But no hurricane ever came. They all went in different directions that year. They left me alone. But once we got home it was another matter. For the last two years, the fall sailing season has been abruptly ended by a hurricane. First Irene, now Sandy. It doesn't seem fair, but weather doesn't know about fair, apparently.
|Sandy's projected course, as of Saturday afternoon|
I always say that a boat owner is 20% captain and 80% crew. (That's with experience. Without experience, it's more like 10%/90%.) The Blue Moon's captain went aboard to survey the situation yesterday (3-4 days before Sandy was due to strike). His first impulse was to check the mooring pendants, take the mizzen down, and clear away any loose junk, but -- Bligh that he is -- he soon had the crew stripping all the sails off the boat.
"You can never be too careful," he said.
The crew grumbled, but got to work. It's important for the crew to respect the captain.
The Blue Moon is rigged with 149 bits of rope, each one cut to a certain length, some of them with thimbles on one end, or a soft eye, or even a block spliced in. Last year the crew forgot to label each one of these lines and they had a devil of a time this spring figuring out which one went where, so the Captain stood by to make sure each line was carefully labeled as it was taken off the boat.
Many of these lines are going to be re-done this winter as we switch our cordage from Hempex to Posh, but that is another story. More on that some other time.
After a whole lot of work, the Blue Moon was stripped for battle. And for winter storage, I guess. I'd hoped to get in a few more sails, but it takes so long to put the sails back on properly, I think Helena and I will have to be content with motoring out to Lloyd Harbor, or whatever, for an Indian Summer lunch.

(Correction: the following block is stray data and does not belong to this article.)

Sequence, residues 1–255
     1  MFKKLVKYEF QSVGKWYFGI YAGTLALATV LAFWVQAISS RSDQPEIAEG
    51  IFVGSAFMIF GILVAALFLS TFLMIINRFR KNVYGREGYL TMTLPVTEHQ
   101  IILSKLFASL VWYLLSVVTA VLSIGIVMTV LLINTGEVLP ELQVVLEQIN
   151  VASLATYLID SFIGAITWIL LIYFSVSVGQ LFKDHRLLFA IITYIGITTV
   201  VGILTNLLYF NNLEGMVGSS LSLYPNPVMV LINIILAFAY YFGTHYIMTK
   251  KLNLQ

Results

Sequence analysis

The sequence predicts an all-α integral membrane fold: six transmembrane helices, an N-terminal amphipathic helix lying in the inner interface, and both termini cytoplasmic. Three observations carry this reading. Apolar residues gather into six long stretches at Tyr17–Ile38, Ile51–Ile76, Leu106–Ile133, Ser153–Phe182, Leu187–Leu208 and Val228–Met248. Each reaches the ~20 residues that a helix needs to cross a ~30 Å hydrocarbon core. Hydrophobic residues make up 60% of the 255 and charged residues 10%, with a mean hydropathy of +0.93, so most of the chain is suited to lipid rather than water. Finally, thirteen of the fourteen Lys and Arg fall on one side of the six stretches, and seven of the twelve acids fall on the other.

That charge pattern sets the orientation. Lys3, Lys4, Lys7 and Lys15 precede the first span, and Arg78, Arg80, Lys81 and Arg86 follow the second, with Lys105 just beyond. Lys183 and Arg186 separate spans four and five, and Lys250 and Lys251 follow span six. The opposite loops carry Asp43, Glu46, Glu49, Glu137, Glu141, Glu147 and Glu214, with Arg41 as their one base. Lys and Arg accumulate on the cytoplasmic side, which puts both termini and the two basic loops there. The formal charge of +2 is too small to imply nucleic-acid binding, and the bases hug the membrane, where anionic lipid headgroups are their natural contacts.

|Stripped for battle with Sandy|
All this was a rude interruption of the main thing, which is Cabin Boy's refit. I was making good progress (I thought) on the varnishing, until my friend Steve came over and quietly pointed out some flaws (like about 1 million tiny bubbles.)
At first, I laughed him off -- I was on my fifth coat! Almost done! -- but that night I tossed and turned just thinking of those bubbles. The next morning, I sanded most of the varnish off, and started again.
Steve blamed the foam brushes I was using. I'm not sure he's right, since my varnish bible highly recommends them, but I switched to brushes and I must admit it looks better. No bubbles. I can't explain it.
|Mahogany transom with ? coats of varnish|
|Seats, cleats, etc.|
Yes, take any old comb and vigorously comb the cheap brush until the hairs stop falling out (a few seconds.) This trick seemed too simple to be true, but it seems to work. I've done 2 coats with these cheap brushes and not a hair to be seen.
A good trick to remember.
So what are you doing to prepare for Sandy? I've already:
- made large blocks of ice by filling big pots and plastic containers with water and putting them in the freezer (just in case the electric goes out, which it will!)
- bought a gallon of lamp oil for my 4 oil lamps (one off the BM)
- brought in a huge load of wood for a cozy fire... just in case Helena calls for one (too late after it starts pouring!)
- checked the gutters for blockages
I just need to cover the basement window wells that always collects too much water when it rains really hard. Just going to slap a 4x4 hunk of plywood over it and weigh it down with a few cinder blocks. Otherwise, I think I'm ready.
How about you?
Next Episode: A Little Luck